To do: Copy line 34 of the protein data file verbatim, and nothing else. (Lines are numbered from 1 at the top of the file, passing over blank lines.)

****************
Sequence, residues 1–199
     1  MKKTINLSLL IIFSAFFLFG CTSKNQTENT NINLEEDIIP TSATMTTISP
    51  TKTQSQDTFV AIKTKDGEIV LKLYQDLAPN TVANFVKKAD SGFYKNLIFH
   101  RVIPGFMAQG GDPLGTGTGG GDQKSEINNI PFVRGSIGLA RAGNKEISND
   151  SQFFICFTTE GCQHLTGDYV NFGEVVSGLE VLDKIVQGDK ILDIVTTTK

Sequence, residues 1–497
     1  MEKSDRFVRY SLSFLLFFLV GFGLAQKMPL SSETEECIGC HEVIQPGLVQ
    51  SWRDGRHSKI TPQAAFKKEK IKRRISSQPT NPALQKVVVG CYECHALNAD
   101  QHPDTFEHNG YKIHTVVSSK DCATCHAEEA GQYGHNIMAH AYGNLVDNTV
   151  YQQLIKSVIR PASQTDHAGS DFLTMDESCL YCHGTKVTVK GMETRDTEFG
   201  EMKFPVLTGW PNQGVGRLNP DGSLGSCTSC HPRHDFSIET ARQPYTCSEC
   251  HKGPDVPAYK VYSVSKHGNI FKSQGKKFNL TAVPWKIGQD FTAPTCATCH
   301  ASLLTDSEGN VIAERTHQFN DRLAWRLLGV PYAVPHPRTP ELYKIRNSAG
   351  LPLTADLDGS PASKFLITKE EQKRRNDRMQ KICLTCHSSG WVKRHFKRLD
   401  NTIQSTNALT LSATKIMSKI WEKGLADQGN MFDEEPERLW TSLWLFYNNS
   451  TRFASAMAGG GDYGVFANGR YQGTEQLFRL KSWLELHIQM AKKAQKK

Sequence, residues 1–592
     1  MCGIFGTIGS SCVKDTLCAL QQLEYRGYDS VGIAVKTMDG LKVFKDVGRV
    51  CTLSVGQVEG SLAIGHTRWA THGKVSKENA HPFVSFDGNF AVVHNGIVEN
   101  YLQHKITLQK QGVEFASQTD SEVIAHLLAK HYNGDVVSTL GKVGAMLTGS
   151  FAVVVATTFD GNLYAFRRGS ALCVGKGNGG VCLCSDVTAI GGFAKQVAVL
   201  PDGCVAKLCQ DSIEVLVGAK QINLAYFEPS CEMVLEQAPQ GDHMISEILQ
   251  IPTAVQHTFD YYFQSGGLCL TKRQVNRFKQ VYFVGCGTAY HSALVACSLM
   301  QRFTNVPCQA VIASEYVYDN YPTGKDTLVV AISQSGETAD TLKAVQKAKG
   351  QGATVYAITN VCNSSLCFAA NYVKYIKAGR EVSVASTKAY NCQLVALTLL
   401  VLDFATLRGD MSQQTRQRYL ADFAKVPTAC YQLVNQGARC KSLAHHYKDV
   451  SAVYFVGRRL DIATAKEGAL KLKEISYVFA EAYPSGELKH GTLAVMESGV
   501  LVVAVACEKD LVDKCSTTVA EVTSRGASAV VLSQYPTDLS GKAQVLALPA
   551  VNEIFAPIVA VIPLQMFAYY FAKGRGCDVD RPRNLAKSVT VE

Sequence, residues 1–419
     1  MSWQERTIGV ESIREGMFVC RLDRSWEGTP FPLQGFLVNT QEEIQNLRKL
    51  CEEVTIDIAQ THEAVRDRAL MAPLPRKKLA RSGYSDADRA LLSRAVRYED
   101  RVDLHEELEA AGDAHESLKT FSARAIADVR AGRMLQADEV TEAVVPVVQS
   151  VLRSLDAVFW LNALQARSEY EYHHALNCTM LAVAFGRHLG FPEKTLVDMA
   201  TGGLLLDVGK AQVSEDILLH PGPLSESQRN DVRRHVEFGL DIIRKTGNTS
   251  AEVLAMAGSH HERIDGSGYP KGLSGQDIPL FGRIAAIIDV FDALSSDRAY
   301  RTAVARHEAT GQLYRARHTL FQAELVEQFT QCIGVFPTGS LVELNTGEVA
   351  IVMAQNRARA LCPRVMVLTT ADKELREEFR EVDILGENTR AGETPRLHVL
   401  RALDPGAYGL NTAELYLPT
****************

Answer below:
   151  VLRSLDAVFW LNALQARSEY EYHHALNCTM LAVAFGRHLG FPEKTLVDMA